By Brock Mutic, Queen’s Economics Department
New research by Queen’s professor Sitian Liu studies the effects that exposure to mass incarceration has on the educational attainment of African Americans in a paper with relevance for policy makers hoping to understand the unintended effects of the criminal justice system in the United States.
In the United States, the educational attainment of black people has historically lagged behind that of white people. Between the 1960s and the mid-1980s, the gap began to close. Since the late-1980s, however, the gap has begun to widen again, with black men experiencing a greater decline in relative educational attainment than black women:
There is a large literature investigating the causes of the convergence that took place between 1960 and the mid-1980s. This literature has found effects due to unequal access to educational resources, and inequalities of parental characteristics, such as parental education and income. Much less is known, however, about why the convergence stopped and began reversing post-1986. One suggestion, proposed by (Evans et. al, 2016), is that the introduction of crack cocaine markets led to the halting, then reversing convergence.
Another factor which may plausibly explain the dynamics of the educational attainment gap between blacks and whites is childhood exposure to mass incarceration. Indeed, when the educational achievement gap began to widen again in the mid-1980s, it was coincided by a rise in mass incarceration. Theoretically, mass incarceration could affect childhood education through family or neighborhood circumstances, or changes in the expected return to education. Considering the effect of exposure to mass incarceration on educational achievement is the focus of new research by Queen’s Economics Department (QED) Assistant Professor Sitian Liu.
Dr. Liu researches the economics of crime and criminal justice. Previously, she has conducted research into the effects of the mass incarceration system on marginalized communities. These research interests into the unintended intergenerational effects of incarceration led her to study the effects the mass incarceration system may have on educational attainment gaps.
Approaching the question of whether and to what extent the dynamics of educational attainment gaps are driven by childhood exposure to mass incarceration, using data from the American Community Survey regarding the period of convergence in educational attainment, Dr. Liu initially noted that high school completion rates increased for black men and women between 1965 – 1986, while they did not change significantly for whites. Therefore, the closing educational attainment gaps seen during that period were mostly driven by increasing attainments for black men and women. Additionally, when the gap resumed widening again in the mid-1980s, this increase too was again mainly driven by the educational attainment of blacks. For this reason, Dr. Liu opted to focus her research on the impacts of mass incarceration on high school completion for African Americans. In order to conduct such a study, data on incarceration rates were thus needed, but such data were not readily available for areas and during the timespan in question. Using a technique she developed in previous research, Dr. Liu first compiled the necessary data by estimating relevant prison population and incarceration rates at the level of metropolitan statistical areas where offenders were sentenced.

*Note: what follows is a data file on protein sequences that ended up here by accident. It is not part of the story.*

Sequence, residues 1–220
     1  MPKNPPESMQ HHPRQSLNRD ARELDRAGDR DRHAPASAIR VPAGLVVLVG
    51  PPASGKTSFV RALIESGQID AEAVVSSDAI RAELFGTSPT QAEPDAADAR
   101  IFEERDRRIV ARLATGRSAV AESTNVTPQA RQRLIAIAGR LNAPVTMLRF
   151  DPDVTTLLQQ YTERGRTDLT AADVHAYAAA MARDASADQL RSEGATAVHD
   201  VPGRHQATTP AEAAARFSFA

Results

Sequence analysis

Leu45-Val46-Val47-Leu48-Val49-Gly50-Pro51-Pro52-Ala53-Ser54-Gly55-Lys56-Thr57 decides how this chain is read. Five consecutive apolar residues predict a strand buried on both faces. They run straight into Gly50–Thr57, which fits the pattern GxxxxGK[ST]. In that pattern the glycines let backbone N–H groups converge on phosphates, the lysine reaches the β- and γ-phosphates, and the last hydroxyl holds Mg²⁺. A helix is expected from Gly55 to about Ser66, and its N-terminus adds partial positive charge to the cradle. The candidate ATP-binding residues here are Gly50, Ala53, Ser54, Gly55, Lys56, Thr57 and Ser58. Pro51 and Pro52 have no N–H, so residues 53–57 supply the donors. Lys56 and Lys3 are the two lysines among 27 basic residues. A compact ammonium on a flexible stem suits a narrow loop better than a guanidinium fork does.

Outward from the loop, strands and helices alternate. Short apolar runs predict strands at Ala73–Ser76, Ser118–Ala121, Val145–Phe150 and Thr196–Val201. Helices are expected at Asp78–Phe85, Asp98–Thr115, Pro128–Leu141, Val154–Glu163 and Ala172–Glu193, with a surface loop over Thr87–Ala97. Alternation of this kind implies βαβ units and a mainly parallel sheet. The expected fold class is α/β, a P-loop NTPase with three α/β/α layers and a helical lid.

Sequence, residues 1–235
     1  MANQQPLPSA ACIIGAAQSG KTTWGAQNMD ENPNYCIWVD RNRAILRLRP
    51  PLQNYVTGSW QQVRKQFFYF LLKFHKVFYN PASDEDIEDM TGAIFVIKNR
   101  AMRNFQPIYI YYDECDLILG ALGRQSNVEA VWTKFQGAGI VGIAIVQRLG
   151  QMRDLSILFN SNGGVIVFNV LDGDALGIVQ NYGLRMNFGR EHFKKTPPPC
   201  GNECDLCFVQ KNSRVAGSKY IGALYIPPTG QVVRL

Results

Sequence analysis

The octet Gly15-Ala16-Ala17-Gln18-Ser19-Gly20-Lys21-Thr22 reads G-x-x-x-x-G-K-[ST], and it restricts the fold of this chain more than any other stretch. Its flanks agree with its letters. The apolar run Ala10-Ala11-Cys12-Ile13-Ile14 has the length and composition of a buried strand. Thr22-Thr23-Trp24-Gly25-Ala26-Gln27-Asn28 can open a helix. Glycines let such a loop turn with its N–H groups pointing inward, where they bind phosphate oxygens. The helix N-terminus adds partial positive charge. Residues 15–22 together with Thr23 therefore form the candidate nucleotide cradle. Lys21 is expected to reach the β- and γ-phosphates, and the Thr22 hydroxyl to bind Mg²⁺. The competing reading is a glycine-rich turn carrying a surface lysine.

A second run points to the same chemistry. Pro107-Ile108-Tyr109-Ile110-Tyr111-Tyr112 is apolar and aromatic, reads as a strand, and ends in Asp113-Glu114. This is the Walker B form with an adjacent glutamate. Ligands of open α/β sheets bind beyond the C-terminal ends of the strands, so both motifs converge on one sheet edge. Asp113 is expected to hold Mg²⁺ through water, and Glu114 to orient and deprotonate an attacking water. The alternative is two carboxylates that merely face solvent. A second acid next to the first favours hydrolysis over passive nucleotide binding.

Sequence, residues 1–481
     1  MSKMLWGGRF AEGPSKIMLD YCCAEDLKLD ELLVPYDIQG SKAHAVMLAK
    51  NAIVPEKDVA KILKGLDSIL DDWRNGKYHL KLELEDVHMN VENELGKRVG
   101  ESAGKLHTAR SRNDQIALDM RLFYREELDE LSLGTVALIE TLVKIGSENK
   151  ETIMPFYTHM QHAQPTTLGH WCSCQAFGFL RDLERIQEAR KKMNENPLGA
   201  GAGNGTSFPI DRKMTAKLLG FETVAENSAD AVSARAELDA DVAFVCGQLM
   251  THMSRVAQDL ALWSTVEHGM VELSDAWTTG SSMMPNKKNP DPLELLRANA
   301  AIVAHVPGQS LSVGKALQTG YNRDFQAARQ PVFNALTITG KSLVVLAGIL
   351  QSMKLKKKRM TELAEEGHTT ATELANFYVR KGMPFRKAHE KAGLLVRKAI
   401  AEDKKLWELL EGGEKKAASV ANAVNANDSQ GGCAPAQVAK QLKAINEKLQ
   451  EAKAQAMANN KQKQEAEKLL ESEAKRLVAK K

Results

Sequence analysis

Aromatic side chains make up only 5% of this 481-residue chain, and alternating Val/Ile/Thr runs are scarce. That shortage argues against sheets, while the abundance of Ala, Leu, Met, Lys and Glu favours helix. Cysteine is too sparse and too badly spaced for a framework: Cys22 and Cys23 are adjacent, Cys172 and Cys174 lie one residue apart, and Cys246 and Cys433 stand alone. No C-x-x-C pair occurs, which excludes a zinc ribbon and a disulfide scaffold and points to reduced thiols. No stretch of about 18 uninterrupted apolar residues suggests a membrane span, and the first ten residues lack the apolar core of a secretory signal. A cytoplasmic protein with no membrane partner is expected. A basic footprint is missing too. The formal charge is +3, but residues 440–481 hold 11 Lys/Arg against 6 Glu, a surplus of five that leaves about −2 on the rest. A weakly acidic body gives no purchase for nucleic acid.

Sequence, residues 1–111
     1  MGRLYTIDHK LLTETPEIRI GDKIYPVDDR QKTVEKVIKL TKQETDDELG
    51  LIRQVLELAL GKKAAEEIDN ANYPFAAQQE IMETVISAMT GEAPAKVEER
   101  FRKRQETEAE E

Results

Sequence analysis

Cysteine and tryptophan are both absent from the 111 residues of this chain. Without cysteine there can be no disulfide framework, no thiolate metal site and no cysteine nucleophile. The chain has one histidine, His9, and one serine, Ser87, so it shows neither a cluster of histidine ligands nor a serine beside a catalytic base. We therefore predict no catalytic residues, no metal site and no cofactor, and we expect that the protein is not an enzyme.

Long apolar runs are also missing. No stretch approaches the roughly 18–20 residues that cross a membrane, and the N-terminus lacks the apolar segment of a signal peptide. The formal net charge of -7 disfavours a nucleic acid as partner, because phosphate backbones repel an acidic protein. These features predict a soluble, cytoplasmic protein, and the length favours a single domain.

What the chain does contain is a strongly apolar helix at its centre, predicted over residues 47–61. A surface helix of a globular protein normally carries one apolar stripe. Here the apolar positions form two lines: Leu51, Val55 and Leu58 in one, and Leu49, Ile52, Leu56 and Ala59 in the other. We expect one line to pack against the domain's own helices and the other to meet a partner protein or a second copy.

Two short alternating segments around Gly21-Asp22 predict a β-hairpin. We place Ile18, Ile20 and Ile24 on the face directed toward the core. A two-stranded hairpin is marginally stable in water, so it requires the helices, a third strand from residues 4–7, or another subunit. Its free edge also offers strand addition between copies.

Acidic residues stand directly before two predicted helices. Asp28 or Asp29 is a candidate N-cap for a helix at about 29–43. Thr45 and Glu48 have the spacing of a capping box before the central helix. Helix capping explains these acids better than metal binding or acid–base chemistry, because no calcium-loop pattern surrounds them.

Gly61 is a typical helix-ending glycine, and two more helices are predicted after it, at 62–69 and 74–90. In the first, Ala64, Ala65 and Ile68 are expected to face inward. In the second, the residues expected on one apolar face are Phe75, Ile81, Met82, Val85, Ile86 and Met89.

With these data in hand, Dr. Liu then used a specification which accounted for whether a student had a high school diploma or GED to estimate the effect of the black male incarceration rate a young black adult was exposed to on their educational attainment path. In principle, this technique produced insights into the effects of exposure to mass incarceration on high school completion.
Separating Causation from Correlation
Determining the extent to which any found correlations existed because of a causal effect of exposure to incarceration on educational attainment is inherently difficult. Measurement errors, or reverse causality—as individuals with poorer educational outcomes could be more likely to take up crime (Lochner and Moretti, 2004)—make assessing causality problematic. Additionally, the large number of potential omitted variables might have interfered with such a causal assessment. For this reason, Dr. Liu needed a way to firmly establish a causal effect from any correlations she discovered. Towards this end, she constructed a novel instrumental variable (IV) which exploited plausibly exogenous changes in sentencing policies across states and over years to hopefully establish causality.
Specifically, the IV she produced “predict[ed] incarceration rates of black men from a metropolitan area using leave-one-out estimates of state-level sentencing outcomes within each crime category, based on a simulation procedure of the prison population”. This method compared two similar juveniles with a positive probability of being arrested; one in a lenient state where the punishment for a crime tended to be a fine, with one in a harsh state where the punishment for the same crime tended to be imprisonment. In this way, the extent to which the different risks of incarceration faced by these juveniles—due to different harshness of their state-level sentencing policies—affected their educational outcomes was estimated, which addressed the issue that different incarceration prospects could be driven by unobservable factors which may independently affect educational outcomes.
Increased Incarceration due to Sentencing Policies
Firstly, Dr. Liu’s research showed that, for almost all types of offences in the contexts studied, punishments became harsher in 2000 as compared to in 1988. Specifically, these punishments became harsher in two senses: people arrested were found to be more likely to go to prison in 2000 than in 1988; and for those who went to prison, their sentences were likely to be longer. This result indirectly suggested that increased incarceration rates were due to sentencing policies becoming more punitive toward almost all types of offenses. This insight is relevant, as it was not found that the increased rates of incarceration were due to people committing more serious crimes than in the past.